“To stretch, or not to stretch, that is the question.” We all know these were Shakespeare’s true words, not that philosophical mumbo jumbo!
If you’re a runner, you’ve asked yourself this question before. Well, not in this exact format, but a variation of it.
Your muscles are aching. Your legs are stiffer than two pogo sticks. And your hip staged a coup and has been operating independently for the past few months.
None of it feels right.
Friends tell you to stretch, and it’ll help everything. Other friends mention that stretching does nothing, and you shouldn’t waste your time.
It can’t be both. So, does stretching after running work?
What is Stretching?
This may sound a bit simplistic. But let’s lay down some terms before we continue so we clear up any confusion.
There are two types of stretching: static and dynamic.
Static stretching is the type of stretching most people are familiar with. You stand, sit, or lie down, and hold a specific position for some time, usually around 10-30 seconds.
There are many benefits to static stretching:
- Greater range of motion
- Reduced stiffness in tight muscles
- Decreased stress
- Increased blood flow
Static Stretches Examples
Overhead Triceps Stretch
Seated Butterfly Stretch
Dynamic stretches focus on active movement. These stretches move your joints and muscles through their full range of motion.
The motions will be like the movements of the activity you will be doing. Doing this reduces the chance of injury from jumping straight into your workout.
For example, a runner doing hip openers or a swimmer doing arm circles.
This helps prime the body for the upcoming activity. Just like static stretching, there are benefits to dynamic stretching also:
- Warms up muscles
- Increases nerve activity
- Uses full range of motion
- Decreases injury risk
Dynamic Stretches Examples
Lunge with a Twist
Standing Hip Openers
Stretching Before or After Running: Which Is Better?
Now that we’re on the same page, let’s answer the question we’re all seeking the answer to: does stretching after running work?
When we stretch, we’re relieving the tension and stiffness in our muscles. Yet, runners rely on this stiffness for better running form.
For a practical example, let’s imagine we have two runners — a man and a woman. The woman stretches regularly, and the man never stretches.
Due to the stretching, the woman has less stiffness in her muscles and tendons, as well as a higher range of motion. The stretching she does regularly lends itself to excellent flexibility.
The man is the opposite, his tendons and muscles are stiff and tight. As a result, his range of motion is low, as is his flexibility.
With each step, their legs and cores work to keep them stable. But, with a greater range of motion comes less stability. As the woman’s core moves around with each jolt of a step, her muscles work to keep her upright and stable.
The man is rigid. His muscles and tendons are tight, not allowing for much movement in his core, and therefore keeping him more stable.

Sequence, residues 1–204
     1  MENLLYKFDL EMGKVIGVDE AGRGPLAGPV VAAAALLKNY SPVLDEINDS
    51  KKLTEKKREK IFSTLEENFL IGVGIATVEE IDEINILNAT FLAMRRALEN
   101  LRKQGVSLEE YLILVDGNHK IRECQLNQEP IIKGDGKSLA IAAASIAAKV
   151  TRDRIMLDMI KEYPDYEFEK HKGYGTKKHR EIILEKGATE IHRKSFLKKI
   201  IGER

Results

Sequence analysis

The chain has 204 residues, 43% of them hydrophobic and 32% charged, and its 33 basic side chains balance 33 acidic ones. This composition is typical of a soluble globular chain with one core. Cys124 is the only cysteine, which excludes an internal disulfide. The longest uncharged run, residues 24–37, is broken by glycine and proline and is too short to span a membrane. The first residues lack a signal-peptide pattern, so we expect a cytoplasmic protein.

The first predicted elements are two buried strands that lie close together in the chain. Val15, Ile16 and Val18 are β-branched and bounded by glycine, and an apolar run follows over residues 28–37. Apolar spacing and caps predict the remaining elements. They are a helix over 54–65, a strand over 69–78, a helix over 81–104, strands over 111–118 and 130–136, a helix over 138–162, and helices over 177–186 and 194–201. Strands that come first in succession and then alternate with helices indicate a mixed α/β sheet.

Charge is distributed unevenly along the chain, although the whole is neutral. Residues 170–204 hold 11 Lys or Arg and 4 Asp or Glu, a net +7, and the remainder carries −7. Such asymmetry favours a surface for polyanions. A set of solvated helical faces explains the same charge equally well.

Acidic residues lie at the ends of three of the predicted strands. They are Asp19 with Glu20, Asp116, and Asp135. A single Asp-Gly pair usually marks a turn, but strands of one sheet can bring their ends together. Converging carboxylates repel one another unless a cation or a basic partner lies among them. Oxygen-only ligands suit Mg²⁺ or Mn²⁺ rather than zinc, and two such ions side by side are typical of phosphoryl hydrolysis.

But why is flexibility important here?
The less your muscles have to work to keep you upright, the more energy can be focused on improving running economy. And running economy is one of the most influential factors in becoming a stronger runner.
With higher flexibility, you have a higher range of motion, and thus your muscles have to work harder to keep everything stable.
Imagine a building during an earthquake. It needs the right balance between flexibility and rigidity to stay upright. For runners, it’s a similar deal.
“What about recovery and injury prevention?”
Long story short, stretching doesn’t seem to have any effect on running, period.
But this doesn’t mean stretching is bad. In fact, many experts suggest that you keep stretching if you feel it gives you a benefit.
There is a time you should avoid stretching at all costs, though.
When is the Best Time to Stretch
Avoid stretching during your warm-up. Rather, you should avoid static stretching pre-run.
Studies show that static stretching decreases running performance when performed during a warm-up. Besides pre-run, you can stretch away with no known adverse effects.
When you perform static stretches pre-run, you are releasing the tension and elasticity of your muscles — a critical part of a more economical running style.
So, what should you do pre-run?
What to Do Before a Run
Instead of static stretches, add in dynamic stretches. These don’t have to be elaborate and can only take a few minutes.
From there, start slow. Walk, then progress to a jog, before getting into your workout.
This may seem like a lot, but, in total, your warm-up can take around 10 minutes. And that’s 10 minutes to help ward off injuries from lousy preparation.
What to Do After a Run
So, this begs the question, what exactly should you do after a run if stretching doesn’t have a proven impact?
There isn’t evidence (yet) that a postworkout cooldown will improve your running performance. Yet, there is evidence that it assists in your body’s transition back to baseline.
During your run, your body requires a lot. Your heart is pumping, your lungs are heaving, and your body is being pushed harder than usual.
But, everything doesn’t return to normal the moment you stop your watch. A postworkout cooldown lets your body transition back to the status quo safely.
Do Nothing and Relax
One of the most overlooked aspects of training.
As runners, we’re busy. We’re used to being on the move and attempting to occupy our time as much as possible.
But we’re doing our bodies a disservice.
Your body will thank you later.
Stretching comes down to a personal choice. Studies so far have not proven any benefits from stretching, but more research has to be done in the area to come to a firm conclusion.
For now, support your body with a proper warm-up, cool down, and rest. All of these have been proven to support better running.
And, that’s what we’re after, right?